Usually the brainstorming works, and I manage to alter my first draft into a bang-up revision and eventually a polished final copy. An editor can facilitate the process by talking through a writer and getting him or her to think about those fresh angles or insights.

  29. I have always been bad at the planning stage. I have this impatient part of me that is screaming “get to the writing Jeff!” Unfortunately, the times that I skip the organizing stage (more often than not) my writing goes very slowly and all in all it’s a pretty agonizing experience. Planning my writing is definitely something that I can improve.

  30. Reporting is really hard for me unless I wait until closer to deadline because I sometimes get really shy when I talk to people. My biggest hang-up in this process is asking those really personal (but completely necessary) questions. A lot of times, too, I hesitate to ask the same questions again if I don’t get the information I need. This, as you can imagine, can make the whole process much more difficult.

  31. I struggle with the lead the most. Sometimes I find myself using the whole first graph to engage my audience, instead of using my first sentence more efficiently.

    I usually have to sit down and write my entire piece, and then go back to the lead. That works pretty well for me, but sometimes I feel like I can’t end well without a good lead. It seems to be a vicious cycle.

    I have started outlining some pieces before writing them, and so far it is working well. I find it easier to write a lead when I know exactly where I want the story to go.

  32. Something I like about journalism is that every story is different. Although I feel competent, I’ve never felt overconfident. Each story I write keeps me on my toes, which is kind of fun. Each idea presents a unique set of challenges.

    With that said, I always have to work hardest to make sure my bases are covered in the reporting process. There’s nothing worse than sitting down to write, especially with a looming deadline, and realize you have a gaping hole. I’m not sure if it’s a problem or if I have a fear of it being a problem, but I’m definitely most conscious of it.

    That, in itself, keeps me from avoiding the mistake–being aware of the potential problem.

    …That’s a cop-out answer. The best way to alleviate a fear of reporting is probably to make sure I’ve got my ducks in a row before I even get to that stage, which I suppose goes back to my organization. It could probably be assessed.

  33. Matt Vasilogambros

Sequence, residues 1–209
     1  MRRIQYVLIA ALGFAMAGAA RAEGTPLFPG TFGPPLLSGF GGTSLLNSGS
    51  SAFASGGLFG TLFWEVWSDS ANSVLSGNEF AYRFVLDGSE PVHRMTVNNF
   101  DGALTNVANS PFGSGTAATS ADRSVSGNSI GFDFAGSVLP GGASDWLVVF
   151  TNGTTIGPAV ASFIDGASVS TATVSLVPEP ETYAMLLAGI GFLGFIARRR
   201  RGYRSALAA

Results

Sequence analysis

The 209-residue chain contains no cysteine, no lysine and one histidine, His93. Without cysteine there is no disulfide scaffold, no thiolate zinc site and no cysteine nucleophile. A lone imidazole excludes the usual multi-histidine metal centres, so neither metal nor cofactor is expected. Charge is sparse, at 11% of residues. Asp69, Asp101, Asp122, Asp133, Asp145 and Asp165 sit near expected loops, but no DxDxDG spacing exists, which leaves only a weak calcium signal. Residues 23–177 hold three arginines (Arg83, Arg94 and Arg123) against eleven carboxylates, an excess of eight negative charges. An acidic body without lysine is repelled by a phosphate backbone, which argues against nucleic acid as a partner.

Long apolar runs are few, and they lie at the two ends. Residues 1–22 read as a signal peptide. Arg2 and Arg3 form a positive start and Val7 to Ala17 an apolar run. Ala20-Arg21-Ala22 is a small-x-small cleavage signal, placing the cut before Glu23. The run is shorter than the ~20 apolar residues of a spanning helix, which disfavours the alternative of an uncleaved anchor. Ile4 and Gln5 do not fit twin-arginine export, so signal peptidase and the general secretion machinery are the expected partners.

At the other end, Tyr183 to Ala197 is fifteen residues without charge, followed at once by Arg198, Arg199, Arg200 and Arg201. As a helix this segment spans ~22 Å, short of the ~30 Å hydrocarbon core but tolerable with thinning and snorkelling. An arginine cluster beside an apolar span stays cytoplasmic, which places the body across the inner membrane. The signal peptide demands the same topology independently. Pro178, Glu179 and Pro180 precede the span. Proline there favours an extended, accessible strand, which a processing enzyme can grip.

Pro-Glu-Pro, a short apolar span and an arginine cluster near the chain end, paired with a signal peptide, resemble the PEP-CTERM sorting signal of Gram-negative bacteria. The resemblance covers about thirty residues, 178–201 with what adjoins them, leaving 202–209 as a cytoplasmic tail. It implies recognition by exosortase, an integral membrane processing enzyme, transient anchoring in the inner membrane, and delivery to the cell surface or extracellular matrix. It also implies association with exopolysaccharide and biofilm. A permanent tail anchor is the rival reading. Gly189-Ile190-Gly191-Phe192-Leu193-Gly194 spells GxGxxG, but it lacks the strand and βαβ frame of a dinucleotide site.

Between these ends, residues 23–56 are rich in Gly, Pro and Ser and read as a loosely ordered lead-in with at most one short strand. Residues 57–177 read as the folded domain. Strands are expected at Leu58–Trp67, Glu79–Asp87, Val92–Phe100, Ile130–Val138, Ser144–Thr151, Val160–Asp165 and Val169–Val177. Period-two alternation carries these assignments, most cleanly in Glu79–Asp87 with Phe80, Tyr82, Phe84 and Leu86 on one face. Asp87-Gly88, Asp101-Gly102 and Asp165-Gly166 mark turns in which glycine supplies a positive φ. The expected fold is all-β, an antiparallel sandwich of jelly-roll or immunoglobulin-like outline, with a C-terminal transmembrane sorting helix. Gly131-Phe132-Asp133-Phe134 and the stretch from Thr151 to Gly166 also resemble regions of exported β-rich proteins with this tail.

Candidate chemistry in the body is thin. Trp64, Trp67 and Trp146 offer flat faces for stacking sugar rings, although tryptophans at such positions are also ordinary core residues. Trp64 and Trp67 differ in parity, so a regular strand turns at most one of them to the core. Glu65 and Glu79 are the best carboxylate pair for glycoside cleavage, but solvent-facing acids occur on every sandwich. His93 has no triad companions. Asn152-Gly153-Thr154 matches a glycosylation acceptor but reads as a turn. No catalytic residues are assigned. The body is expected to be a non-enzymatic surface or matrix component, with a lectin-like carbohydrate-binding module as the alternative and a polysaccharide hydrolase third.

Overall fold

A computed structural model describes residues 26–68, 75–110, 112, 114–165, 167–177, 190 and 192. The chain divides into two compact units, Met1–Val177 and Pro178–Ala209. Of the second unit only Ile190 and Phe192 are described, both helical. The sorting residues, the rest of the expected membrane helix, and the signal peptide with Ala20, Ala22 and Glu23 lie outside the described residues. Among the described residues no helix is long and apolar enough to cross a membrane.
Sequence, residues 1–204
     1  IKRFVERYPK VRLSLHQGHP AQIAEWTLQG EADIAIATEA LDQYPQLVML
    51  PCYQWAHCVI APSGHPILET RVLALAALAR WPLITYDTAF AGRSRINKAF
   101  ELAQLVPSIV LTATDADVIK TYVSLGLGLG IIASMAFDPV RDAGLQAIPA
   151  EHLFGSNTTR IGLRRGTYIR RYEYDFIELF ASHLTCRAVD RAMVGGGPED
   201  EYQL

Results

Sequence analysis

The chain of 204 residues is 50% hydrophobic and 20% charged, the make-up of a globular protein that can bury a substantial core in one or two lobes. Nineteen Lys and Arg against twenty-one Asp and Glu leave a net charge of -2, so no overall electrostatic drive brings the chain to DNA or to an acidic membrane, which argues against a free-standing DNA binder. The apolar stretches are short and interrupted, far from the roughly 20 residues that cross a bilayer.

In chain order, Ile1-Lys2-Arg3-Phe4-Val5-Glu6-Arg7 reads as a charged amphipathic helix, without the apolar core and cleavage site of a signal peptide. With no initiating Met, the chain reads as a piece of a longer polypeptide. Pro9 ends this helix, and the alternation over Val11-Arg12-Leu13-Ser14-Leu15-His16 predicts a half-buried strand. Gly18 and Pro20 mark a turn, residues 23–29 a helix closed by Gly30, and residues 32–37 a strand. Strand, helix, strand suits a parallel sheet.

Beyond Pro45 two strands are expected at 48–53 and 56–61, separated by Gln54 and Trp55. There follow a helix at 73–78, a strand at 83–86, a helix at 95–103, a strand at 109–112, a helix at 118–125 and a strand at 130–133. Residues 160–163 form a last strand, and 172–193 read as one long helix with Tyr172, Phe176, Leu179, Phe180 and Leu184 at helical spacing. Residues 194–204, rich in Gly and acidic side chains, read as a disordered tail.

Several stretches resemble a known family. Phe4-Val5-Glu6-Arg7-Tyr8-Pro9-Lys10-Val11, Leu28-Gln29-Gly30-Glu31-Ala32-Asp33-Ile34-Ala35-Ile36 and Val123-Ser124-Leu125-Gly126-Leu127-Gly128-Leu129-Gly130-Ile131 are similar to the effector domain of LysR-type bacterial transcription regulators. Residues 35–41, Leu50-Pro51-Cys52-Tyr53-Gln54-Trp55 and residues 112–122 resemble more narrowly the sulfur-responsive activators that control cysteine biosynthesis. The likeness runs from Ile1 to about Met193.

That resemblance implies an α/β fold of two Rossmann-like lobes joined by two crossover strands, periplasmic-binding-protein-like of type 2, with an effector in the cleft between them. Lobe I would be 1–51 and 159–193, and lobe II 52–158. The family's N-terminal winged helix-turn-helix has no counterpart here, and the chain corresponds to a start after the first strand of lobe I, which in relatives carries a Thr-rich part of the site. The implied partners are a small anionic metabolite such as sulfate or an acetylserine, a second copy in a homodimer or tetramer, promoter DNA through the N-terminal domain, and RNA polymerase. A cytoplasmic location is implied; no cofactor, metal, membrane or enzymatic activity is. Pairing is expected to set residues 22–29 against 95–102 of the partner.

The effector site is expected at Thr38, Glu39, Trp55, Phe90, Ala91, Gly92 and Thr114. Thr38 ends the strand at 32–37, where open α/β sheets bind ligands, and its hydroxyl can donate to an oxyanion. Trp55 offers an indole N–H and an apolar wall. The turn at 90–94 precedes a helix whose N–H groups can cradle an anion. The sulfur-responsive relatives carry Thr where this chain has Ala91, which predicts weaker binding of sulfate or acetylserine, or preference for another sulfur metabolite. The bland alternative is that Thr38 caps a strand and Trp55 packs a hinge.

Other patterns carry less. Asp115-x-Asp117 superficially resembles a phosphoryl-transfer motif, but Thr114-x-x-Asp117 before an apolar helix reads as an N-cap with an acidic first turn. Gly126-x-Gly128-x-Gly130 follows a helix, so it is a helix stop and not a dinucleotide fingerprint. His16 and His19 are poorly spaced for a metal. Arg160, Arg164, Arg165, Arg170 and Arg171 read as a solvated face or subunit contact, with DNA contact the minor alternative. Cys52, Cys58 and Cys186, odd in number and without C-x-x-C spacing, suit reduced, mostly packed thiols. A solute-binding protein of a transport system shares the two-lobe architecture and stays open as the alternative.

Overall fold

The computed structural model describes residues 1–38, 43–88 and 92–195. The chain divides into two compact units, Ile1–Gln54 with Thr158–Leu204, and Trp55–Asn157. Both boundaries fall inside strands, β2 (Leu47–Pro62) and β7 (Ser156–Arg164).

As I’ve mentioned time and time again, I get hung up on the lead. I feel that once I get the lead down, the rest of the story flows pretty well and the ending comes even easier. If editors need to cut my story, I usually ask them to take it from the meat of the story and not the ending. This might bite me in the butt someday, since it’s the first inclination of an editor to cut the ending, but that’s just the way I’ve been taught.

    I always appreciate it when an editor asks me where in the story I feel it would be good to cut. The worst is when the editors cuts a section out that you felt was very important. This ties into strong communication between the writers and the editor. For the most part, however, I’ve had pretty good experiences with that.

  34. The draft-revise process is definitely my biggest downfall. I often do what Clark and Fry advise against: revising as I draft. For some reason, I can’t get past something looking wrong on the screen even temporarily. I know it would save me lots of time, and it’s not to say that I catch every mistake as I go, but I usually do stop and correct things or look up issues of contention.

    I think I do this because I’m scared I’ll miss a mistake when I go back to revise my work. I know that is silly, but it seems like that makes my “major revision” more in-depth if I’m not worried about keeping track of those small imperfections along the way.

    I think when an editor is encouraging and assures me that even work I write poorly under a deadline isn’t that bad, I tend to trust myself more. I trust myself to “bleed write,” or let the thoughts and ideas flow into words without stopping to handle the minutia. Somehow trusting that it will turn out “good” makes me feel more willing to take risks and just put it all on paper. It is when I’m self-conscious that I begin to micro-edit and focus on the details, because I feel they’re more concrete than the bigger issues of organization and focus.